Condolences poured in from every corner, from foreign leaders and all living U.S. presidents,
for a man who came from simple beginnings.
Born November 7, 1918, Billy Graham was raised on a dairy farm in Charlotte, North Carolina.
When he
was 15, he attended a revival, it changed his life.
Billy went forward and publicly made his commitment to Jesus Christ.
Graham became a Baptist minister and in 1943, he graduated from Wheaton College. That`s
where he also found the love of his life, Ruth.
Billy and Ruth Graham were married for more than 60 years.
Graham became a traveling evangelist, with Youth for Christ, an organization that ministered
to youth and servicemen during World War II.
I do not believe that any man, that any man can solve the problems of life without Jesus
Graham`s message resonated with post-war America and changed how mainstream America viewed
God and country.
Billy preached against communism. He preached a strong moral message.
That moral message included civil rights. Graham became friends with Martin Luther King
Jr. and in towns where whites wanted crusades
segregated, Graham took a stand.
Billy himself took the rope down and said we don`t have segregated meetings. And he
took a stand for his belief that every man is equal
before Christ.
In 1950, Billy Graham made his first visit to the White House. He met and prayed with
Harry Truman. Over the years, he was close to nearly
every U.S. president. His friendship with Richard Nixon led to controversy. A recorded
conversation from 1972 made public 30 years later
revealed Graham making what many considered anti-Semitic remarks in the Oval Office. Graham
later apologized.
Billy Graham visited more than 185 countries and territories, building bridges and breaking
cultural barriers. He remained popular to the end of
his life and his message never waivered.
Jesus said I`m the way, the truth and the life. And then he said an interesting thing,
no man comes to the father except through me.
I`m Ryan Nobles, reporting.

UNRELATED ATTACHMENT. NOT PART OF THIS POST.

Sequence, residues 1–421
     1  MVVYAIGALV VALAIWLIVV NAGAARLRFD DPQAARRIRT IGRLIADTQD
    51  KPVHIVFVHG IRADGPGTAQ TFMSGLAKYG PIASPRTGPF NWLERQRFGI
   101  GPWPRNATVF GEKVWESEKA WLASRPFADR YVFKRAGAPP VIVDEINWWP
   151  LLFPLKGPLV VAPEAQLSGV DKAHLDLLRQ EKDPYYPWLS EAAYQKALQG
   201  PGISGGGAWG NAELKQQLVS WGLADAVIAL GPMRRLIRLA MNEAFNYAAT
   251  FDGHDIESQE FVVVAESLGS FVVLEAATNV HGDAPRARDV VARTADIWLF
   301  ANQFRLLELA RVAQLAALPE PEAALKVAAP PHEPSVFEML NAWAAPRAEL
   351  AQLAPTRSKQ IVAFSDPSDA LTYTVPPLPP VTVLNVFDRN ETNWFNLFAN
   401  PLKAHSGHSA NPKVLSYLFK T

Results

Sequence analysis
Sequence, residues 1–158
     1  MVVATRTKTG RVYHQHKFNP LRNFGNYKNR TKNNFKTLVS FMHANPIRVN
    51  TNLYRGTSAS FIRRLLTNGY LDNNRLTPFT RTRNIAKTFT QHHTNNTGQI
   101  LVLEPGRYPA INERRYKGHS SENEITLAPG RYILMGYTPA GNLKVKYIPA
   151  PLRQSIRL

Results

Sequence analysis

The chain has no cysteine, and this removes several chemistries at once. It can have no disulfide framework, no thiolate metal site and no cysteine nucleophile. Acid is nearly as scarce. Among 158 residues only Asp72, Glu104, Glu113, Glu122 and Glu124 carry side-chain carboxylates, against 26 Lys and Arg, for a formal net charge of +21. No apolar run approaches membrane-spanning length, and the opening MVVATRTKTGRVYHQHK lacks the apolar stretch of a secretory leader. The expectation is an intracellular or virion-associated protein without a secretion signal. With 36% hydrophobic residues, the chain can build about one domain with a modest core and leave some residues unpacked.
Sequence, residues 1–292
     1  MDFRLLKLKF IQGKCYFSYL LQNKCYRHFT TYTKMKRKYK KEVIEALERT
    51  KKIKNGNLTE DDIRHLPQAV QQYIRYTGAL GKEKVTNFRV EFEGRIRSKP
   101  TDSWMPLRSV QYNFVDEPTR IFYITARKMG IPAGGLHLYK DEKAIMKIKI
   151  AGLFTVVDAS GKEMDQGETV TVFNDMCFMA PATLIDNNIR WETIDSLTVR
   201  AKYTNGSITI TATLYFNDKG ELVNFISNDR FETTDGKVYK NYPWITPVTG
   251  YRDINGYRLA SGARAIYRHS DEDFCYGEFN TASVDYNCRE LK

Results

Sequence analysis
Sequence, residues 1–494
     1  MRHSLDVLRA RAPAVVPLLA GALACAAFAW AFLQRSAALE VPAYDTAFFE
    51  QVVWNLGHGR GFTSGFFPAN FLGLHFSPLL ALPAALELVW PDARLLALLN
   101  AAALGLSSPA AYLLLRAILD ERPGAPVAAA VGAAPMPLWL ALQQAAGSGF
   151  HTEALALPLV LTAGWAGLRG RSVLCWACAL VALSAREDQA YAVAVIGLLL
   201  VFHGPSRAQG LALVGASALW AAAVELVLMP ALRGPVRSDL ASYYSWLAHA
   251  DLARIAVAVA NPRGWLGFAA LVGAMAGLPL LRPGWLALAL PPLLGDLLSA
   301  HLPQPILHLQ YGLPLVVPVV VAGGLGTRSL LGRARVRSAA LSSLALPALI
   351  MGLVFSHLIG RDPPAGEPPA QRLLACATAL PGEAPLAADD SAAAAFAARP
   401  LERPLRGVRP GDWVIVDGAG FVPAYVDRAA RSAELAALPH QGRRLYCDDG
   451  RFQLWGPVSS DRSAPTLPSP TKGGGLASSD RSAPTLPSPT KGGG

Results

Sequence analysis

Ten-second trivia.
In what country was an army of terracotta warriors built more than 2,000 years ago to
guard the tomb of an emperor?
China, Egypt, India, or Thailand?
In 1974, a Chinese farmer discovered thousands of life-size figures meant to protect the
tomb of China`s first emperor.
A 2,000-year-old terra-cotta warrior is missing a thumb after officials said it was stolen.
The theft took place at Philadelphia`s Franklin Institute, where the statue is on display.
Police say a Delaware man broke off the thumb while taking a selfie with one of the warriors.
He then pocketed the thumb and took it home, according to authorities.
The FBI began investigating after a museum worker noticed the missing thumb.
The suspect handed it over while being interviewed by an agent.
Among the man`s charges are theft of an object of cultural heritage from a museum.
The damage to the statue, which is valued at $4.5 million, has angered Chinese authorities.
"We call on the United States to severely punish those how have done this," Shaanxi
Provincial Cultural Relic Exchange Center`s director told the
Beijing Youth Daily, a state-run Chinese newspaper.
The terra-cotta warriors were made for Chinese Emperor Qin Shi Huang to guard his tomb in
The statues, dating back to 209 B.C., were discovered by a Chinese farmer while digging
a well in 1974.
China plans to send two experts to fix the statue, according to China`s state news agency
Not everyone wants to spend a few minutes reading to a dog, and that was the problem
for a reading therapy dog named Sting. Usually, kids read
to him at a Minnesota Library, but one day, no one came. So, his owner posted a picture
of him in the reading room, all alone, and let folks know
when he`d be back.
Well, it went viral. People from across the country called, offering to read to Sting.
And now, he has more young readers than he has time for.
So, the dog who had no one to read for him is now all booked up. For some kids, it takes
the sting out of reading to put Sting in it and now that
he`s bound for many hours of page-turning, Sting is at a lost for words. But I wouldn`t
read too much into it.
I`m Carl Azuz for CNN 10.


CNN10 | CNN Student News - February 22, 2018 新聞 (CNN10 | CNN Student News - February 22, 2018 )

2160 分類 收藏
蔡政澔 發佈於 2018 年 2 月 22 日